The Joby Hybrid Gorillapod. 

The Joby Hybrid Gorillapod. 

Next up: Joby Hybrid Gorillapod. It's very small so it fits easily in my bag. Perfect substitute if you don't want to take a full-fledged tripod with you all the time. The downside of this particular model is that it's almost a bit too small. I wouldn't put the X-T1 with the 50-140mm on it. I mainly use it in combination with the 35mm or the 10-24mm, which works fine. Even like that I'm probably way past its weight limit but honestly, I've never had any issues. I wouldn't attach it to a bicycle handlebar with my precious camera on top of it though. Combined with a cable release or a two second timer, this is a very handy tool to have in your arsenal. Which then brings me to the next accessories!

Phottix Nikos timer remote and Heliopan ND 3.0. 

Phottix Nikos timer remote and Heliopan ND 3.0. 

These are a perfect team: the Phottix Nikos timer remote and my Heliopan ND 3.0 filter. The Phottix has all the functions you could ask for in an intervalometer, plus a three year battery life. I like things I don't need to think about once I bought them. The only mentionable thing here is that you can only set a maximum of 99 frames which I think is ridiculous as the screen would easily allow more. You can also set it to just keep shooting forever though, but then you need to keep track of the time yourself. Then again, the X-T1 has an integrated intervalometer anyway, so I only use it for long exposures over 30 seconds. Oh and for some reason the big button, which would allow it to be used as a simple cable release doesn't work with the X-T1. Perhaps that's just my unit though so I would check this at the store before you buy it. Other than that though a definitive recommendation. Just like the Heliopan filters. I would suggest to never, ever cheap out on filters. Every system is only as good as its weakest link. In this context, that would often be the piece of cheap glass you put in front of your lens, lowering your overall image quality. Then just buy cheap lenses instead, saves you a pile of money. Heliopan are not the most expensive but so far I've always been very happy with them. I have one Hoya filter, which I don't like at all as it feels very cheap and flimsy in comparison. Just one thing to be aware of: the X-T1 sensor does not play nicely with variable ND filters! I've had one with me on a nice hike and tried to get some long exposure shots of a river. All I got though was some kind of weird dark circle in the middle of the frame, while the borders of the image were overexposed, negative vignetting so to say! Luckily I could return it and got a 3.0 ND instead, which works fine. Can't really explain the effect though, I would love to hear if any of you are in the know here!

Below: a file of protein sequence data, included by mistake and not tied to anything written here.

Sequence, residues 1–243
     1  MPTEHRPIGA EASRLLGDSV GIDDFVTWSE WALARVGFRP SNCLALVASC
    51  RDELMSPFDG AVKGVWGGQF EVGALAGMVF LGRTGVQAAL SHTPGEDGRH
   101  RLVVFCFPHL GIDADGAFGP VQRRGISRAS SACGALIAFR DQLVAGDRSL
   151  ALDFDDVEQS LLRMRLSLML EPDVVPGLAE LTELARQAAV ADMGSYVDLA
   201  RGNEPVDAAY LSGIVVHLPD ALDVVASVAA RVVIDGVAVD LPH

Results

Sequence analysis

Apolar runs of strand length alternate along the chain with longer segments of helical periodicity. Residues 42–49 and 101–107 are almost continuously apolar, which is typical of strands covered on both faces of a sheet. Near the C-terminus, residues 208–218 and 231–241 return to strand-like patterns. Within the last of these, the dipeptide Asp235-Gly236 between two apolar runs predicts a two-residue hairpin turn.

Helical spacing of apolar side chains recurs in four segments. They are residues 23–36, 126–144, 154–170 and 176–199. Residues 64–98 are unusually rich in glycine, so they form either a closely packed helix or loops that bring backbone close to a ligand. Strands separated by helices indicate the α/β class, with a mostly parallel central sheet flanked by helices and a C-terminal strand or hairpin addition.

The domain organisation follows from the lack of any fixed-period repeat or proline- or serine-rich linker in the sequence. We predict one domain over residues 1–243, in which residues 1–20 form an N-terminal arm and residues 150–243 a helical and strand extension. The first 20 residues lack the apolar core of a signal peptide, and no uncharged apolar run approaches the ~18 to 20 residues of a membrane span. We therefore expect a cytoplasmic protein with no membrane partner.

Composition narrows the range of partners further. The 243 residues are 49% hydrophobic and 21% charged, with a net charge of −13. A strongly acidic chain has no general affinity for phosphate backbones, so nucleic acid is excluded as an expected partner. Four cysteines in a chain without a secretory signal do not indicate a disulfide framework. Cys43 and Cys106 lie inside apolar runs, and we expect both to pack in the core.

The official Fujifilm hand grip, this one's the model for the X-E2.

The official Fujifilm hand grip, this one's the model for the X-E2.

The last accessory I'd like to talk about is the hand grip. The one in the picture is for the X-E2. That one actually has a problem as you can see, the screw broke! I'd rather think that was because of me over tightening the poor thing. I would still absolutely recommend it as it gives the camera a way better balance overall. It is all metal and the base is Arca-Swiss compatible which is a nice bonus. I also bought an unofficial hand grip which is an Arca-style L-plate but I didn't like it as much as the original because the grip part on the front is not rubberized. I never thought about getting the battery grip though as it's a bit to big in my opinion and you can only comfortably change one of the batteries on the go, as the second one is still in the camera body itself. Also I think that the X-T1 handles very nicely with the normal hand grip already, even with the bigger lenses.

So, that concludes this series! If there's anything you'd like to know more about specifically, don't hesitate to let me know! Also feel free to share your thoughts in the comments on great accessories you think are essential in your bag or other options to those I've mentioned. Thanks for reading, sharing and supporting me by buying a print on your way out! Just an idea!